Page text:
This story was revised at 11:45 a.m., May 19, 2011, to correct the purchase price for the Sullivan Street property. The property was purchased for $55,000 and the renovation budget is $85,000, totaling $140,000.

BIDDEFORD — The Biddeford Housing Authority is searching for a nonprofit organization interested in occupying the first floor of a vacant apartment building on Sullivan Street.

The three-story building is adjacent to Canopy Park and across from the closed St. Andre Church. The park, with a meandering pathway and small gardens, was developed on city-owned property in 2005 to be a neighborhood gathering place.

Biddeford Housing Authority Executive Director Guy Gagnon said he hopes the nonprofit and park will be a centerpiece in the neighborhood of mostly rental properties, some of them in disrepair.

The authority bought the property, a foreclosure, for $55,000 with Community Development Block Grant funds. The renovation budget is $85,000.

The building’s exterior siding is worn and some windows are boarded up with plywood. Inside, flooring is damaged as are some walls. Gagnon said the building has “good bones” and most of the work to be done is cosmetic — from refinishing floors to painting over mint green and pale pink walls.


On Tuesday, a demolition crew was removing a run-down shed in the rear of the building. Interior renovations will begin in June, Gagnon said.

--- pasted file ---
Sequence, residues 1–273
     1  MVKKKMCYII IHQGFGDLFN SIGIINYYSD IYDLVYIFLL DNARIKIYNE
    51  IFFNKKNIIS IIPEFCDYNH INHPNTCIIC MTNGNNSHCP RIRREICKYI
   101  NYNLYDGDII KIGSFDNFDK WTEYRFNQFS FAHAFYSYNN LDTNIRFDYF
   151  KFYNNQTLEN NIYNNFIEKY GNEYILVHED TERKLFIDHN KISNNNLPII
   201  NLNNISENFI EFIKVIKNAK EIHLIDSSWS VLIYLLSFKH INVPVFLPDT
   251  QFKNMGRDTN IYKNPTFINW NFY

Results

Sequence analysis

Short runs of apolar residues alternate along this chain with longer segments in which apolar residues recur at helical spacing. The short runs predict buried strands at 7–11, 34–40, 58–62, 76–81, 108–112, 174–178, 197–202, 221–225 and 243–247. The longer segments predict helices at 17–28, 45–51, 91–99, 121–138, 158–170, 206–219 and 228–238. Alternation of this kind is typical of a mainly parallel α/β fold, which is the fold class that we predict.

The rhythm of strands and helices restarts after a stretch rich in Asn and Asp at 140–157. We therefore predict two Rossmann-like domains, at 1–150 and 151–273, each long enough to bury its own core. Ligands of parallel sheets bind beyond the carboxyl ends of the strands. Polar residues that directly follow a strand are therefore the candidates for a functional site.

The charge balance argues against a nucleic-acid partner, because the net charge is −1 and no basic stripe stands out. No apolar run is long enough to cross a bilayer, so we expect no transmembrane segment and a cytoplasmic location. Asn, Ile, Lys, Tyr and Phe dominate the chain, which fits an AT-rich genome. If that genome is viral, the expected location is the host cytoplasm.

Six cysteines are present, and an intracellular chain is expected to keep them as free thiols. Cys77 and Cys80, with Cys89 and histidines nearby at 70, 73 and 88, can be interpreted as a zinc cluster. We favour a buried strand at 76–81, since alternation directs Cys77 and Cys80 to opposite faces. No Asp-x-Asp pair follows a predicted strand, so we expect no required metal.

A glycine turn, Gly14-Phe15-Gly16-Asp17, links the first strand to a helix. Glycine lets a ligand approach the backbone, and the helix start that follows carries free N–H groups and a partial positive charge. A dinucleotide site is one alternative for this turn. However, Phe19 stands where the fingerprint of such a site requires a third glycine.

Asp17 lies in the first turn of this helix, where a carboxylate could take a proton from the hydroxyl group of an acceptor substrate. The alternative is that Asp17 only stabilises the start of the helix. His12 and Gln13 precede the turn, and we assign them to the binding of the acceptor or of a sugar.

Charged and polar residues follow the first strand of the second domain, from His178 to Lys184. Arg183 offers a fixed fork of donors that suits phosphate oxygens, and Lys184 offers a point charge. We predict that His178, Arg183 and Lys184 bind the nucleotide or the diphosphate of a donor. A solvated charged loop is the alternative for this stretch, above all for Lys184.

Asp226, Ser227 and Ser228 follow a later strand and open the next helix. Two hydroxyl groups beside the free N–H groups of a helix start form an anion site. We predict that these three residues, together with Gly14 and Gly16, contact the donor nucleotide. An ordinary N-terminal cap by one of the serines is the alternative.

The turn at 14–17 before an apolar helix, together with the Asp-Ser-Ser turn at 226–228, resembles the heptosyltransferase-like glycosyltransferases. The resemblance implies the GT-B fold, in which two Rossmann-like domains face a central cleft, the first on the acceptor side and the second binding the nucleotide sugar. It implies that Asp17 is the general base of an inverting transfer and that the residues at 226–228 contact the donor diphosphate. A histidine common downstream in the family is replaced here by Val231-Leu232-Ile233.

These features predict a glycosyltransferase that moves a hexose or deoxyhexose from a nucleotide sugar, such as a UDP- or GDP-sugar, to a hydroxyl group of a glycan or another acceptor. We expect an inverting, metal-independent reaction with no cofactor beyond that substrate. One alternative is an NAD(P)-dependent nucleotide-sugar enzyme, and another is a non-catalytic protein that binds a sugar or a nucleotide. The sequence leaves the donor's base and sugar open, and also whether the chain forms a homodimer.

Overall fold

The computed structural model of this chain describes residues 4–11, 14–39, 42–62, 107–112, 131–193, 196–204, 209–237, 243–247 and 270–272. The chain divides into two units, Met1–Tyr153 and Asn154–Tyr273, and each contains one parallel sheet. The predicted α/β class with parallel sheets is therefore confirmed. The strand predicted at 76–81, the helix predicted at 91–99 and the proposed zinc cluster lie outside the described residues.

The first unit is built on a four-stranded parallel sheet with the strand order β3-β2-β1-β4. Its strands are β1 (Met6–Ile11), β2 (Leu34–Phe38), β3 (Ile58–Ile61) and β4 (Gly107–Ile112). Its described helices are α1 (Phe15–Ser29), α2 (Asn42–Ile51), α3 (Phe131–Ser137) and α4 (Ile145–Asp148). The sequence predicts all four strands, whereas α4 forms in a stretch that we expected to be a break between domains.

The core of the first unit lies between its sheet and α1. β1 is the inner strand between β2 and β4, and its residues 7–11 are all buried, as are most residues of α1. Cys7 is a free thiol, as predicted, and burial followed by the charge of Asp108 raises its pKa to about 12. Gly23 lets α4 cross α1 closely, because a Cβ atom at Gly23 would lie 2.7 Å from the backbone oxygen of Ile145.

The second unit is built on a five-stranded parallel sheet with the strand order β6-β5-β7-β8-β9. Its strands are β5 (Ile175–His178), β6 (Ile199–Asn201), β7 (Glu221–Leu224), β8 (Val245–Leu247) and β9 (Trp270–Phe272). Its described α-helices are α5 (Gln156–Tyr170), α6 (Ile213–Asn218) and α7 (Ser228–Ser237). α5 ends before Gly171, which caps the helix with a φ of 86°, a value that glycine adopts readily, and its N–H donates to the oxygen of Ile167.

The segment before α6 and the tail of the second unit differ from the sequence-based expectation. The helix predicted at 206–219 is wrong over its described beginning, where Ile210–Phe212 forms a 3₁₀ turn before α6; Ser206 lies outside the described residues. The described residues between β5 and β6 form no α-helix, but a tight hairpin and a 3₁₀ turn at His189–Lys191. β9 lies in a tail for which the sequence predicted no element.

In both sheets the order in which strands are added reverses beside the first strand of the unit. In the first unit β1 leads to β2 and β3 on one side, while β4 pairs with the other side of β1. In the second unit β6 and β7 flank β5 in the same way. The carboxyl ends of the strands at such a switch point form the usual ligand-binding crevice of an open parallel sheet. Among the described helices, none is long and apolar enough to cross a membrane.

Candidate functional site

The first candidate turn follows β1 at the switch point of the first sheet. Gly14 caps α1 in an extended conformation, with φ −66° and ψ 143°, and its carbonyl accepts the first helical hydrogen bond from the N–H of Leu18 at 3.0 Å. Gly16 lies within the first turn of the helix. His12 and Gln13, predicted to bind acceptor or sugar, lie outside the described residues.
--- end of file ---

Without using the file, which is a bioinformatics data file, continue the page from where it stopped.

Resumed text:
The City Council in December approved using the block grant funds to buy the building. City officials initially intended to renovate it and sell it to someone who would live in one unit and rent out the others, but community development officials instead proposed bringing in the nonprofit to anchor the property and renting two upstairs units.

“The idea is to have a group here (that serves the residents) and to keep an eye on the neighborhood,” Gagnon said.

The housing authority has not determined what rents it will charge for the apartments and nonprofit space. Gagnon said they hope to keep rent low for the nonprofit.

Andy Greif is executive director of the Community Bicycle Center, which serves at-risk youth by leading bike rides, teaching bike repair and other activities. Greif said running a nonprofit near the population it serves is ideal.

“The closer you are in proximity to whoever you’re working with, it’s easier to access programing,” he said.


The bicycle center and other nonprofits looked at the 1,100-square-foot space, but it is too small for them all to share. Still, it has a lot of potential, he said.

“They really need and want a nonprofit in there to be an anchor in the community,” he said. “It could be an incubator for a nonprofit starting out that needs low rent.”

Gagnon said he is concerned that the neighborhood could deteriorate further.

“I’m already worried about the neighborhood with the church closing,” Gagnon said. “The church was the community.”

The Roman Catholic Diocese of Portland cited declining numbers of priests and parishioners and rising building maintenance costs as the reasons it closed St. Andre. The church celebrated its last Mass on Dec. 31.

The church building is for sale, but, “it is not something that can be renovated overnight,” Gagnon said. But building renovations can have a domino effect, he said.


The apartment building next door to the city-owned building was purchased last year and the new owners, who live in one of the apartments, have done a nice job renovating it, Gagnon said. Home ownership in primarily rental neighborhoods also helps to revitalize them and provide stability.

Gagnon said he hopes to identify a viable nonprofit organization by the end of the month before renovation work starts.

Staff Writer Emma Bouthillette can be contacted at 791-6325 or at: [email protected]


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